What Microsoft needs to do to come out on top at E3 2017

Matt Sayer 2 June 2017 NEWS


If Microsoft wants to take Sony's crown, here's what it needs to do.

Let's not beat around the bush: Microsoft is clearly in Sony's rear-view mirror this generation. The Xbox One has continued to lag behind the PS4 since its launch despite the Xbox One selling faster than its predecessor, the Xbox 360. Microsoft has tried valiantly to win gamers back by fleshing out the Xbox One's backwards compatibility library and slashing the console's price again and again. For all the ground the Xbox One has regained, the PS4 refuses to give up its lead.

This year's E3 is the perfect place for Microsoft to change that. With the entire industry awaiting the unveiling of Project Scorpio, Microsoft is poised to position Xbox at the bleeding edge of console technology. For that to translate into a market shift in its favour, Microsoft needs to make its E3 presentation completely unforgettable. Here's how it could do just that.

Affordable Scorpio pricing

This is the big one. Scorpio could run rings around the PS4 Pro and it wouldn't matter one tiny iota if the price isn't right. As the PS3 proved way back at E3 2006, gamers aren't going to mortgage their houses just to pick up the latest console. Since Scorpio is more of a half-step console upgrade rather than a full generational leap, a premium price tag would be even harder for most people to swallow.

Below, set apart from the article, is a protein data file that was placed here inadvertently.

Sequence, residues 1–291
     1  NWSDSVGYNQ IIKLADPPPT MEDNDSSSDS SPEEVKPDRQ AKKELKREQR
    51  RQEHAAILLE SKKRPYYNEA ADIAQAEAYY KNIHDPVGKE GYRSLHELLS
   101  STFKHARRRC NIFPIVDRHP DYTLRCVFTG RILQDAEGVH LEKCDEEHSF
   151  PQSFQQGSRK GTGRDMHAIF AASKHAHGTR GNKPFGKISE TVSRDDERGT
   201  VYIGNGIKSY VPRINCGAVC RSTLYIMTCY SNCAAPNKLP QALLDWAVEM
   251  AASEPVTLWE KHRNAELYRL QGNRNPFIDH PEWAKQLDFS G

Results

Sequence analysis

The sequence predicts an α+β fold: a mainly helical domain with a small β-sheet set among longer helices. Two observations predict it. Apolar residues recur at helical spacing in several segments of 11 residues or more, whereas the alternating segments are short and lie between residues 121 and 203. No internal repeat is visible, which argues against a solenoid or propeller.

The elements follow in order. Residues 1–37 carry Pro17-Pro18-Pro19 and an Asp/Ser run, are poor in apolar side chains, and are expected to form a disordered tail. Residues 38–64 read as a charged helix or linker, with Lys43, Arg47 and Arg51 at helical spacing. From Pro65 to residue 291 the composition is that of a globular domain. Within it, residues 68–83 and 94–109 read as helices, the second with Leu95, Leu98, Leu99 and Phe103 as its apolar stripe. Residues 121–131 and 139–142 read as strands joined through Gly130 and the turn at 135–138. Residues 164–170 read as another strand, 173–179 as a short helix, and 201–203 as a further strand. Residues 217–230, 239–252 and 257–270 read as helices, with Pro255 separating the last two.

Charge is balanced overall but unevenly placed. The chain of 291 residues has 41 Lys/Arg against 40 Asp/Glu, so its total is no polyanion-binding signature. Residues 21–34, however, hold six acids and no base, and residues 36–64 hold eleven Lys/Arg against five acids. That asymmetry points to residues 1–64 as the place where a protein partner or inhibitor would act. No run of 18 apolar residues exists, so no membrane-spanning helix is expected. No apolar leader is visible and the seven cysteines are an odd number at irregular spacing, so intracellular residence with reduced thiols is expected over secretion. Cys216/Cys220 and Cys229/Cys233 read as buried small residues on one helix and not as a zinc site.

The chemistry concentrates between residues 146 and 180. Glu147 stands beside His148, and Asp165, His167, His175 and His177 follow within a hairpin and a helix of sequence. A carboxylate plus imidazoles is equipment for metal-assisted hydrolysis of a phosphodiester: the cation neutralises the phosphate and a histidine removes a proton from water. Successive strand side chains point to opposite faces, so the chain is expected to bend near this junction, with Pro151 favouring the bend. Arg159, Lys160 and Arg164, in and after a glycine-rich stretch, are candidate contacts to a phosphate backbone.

On the other hand, if Microsoft takes a page out of Sony's E3 1995 playbook and drops the mic with a price tag of AUD$499 or something similarly cutthroat, that'd be a death sentence for the PS4 Pro. Rough estimates place Scorpio at around 1.5 times as powerful as the PS4 Pro in terms of raw hardware, and if Microsoft can hit a comparable price, the Pro's going to seem like a pretty poor deal.

Impressive Scorpio games

A great price alone won't be enough to turn Scorpio into a success; for that, it'll need games. A strong line-up of first-, second-, and third-party games will be necessary to prove that developers of all stripes are both willing and able to leverage Scorpio's power.

More than that, Microsoft will need to showcase the different ways developers can take advantage of Scorpio. Higher resolutions and sharper textures are great and all, but as Sony's PS4 Pro reveal last year showed, it's difficult to communicate the benefits of 4K and HDR through live streams and press releases. Microsoft would be better off highlighting how Scorpio can enable smoother performance with higher frame rates, along with extra graphical effects and more detailed physics systems, since these improvements are apparent even through a YouTube video. The more diversity there is to what Scorpio can do, the easier it'll be for gamers to buy into.

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AU$399.00 Xbox One S Sea of Thieves (1TB)

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AU$399.00 Xbox One S Forza Horizon 3 Hot Wheels (1TB)

Microsoft Store

AU$399.00 Xbox One S Battlefield 1 (1TB)
AU$399.00 Xbox One S Battlefield 1 (1TB)

Microsoft Store

AU$399.00 Xbox One S Halo Wars 2 (1TB)
AU$399.00 Xbox One S Halo Wars 2 (1TB)

Microsoft Store

A reasonable upgrade path to Scorpio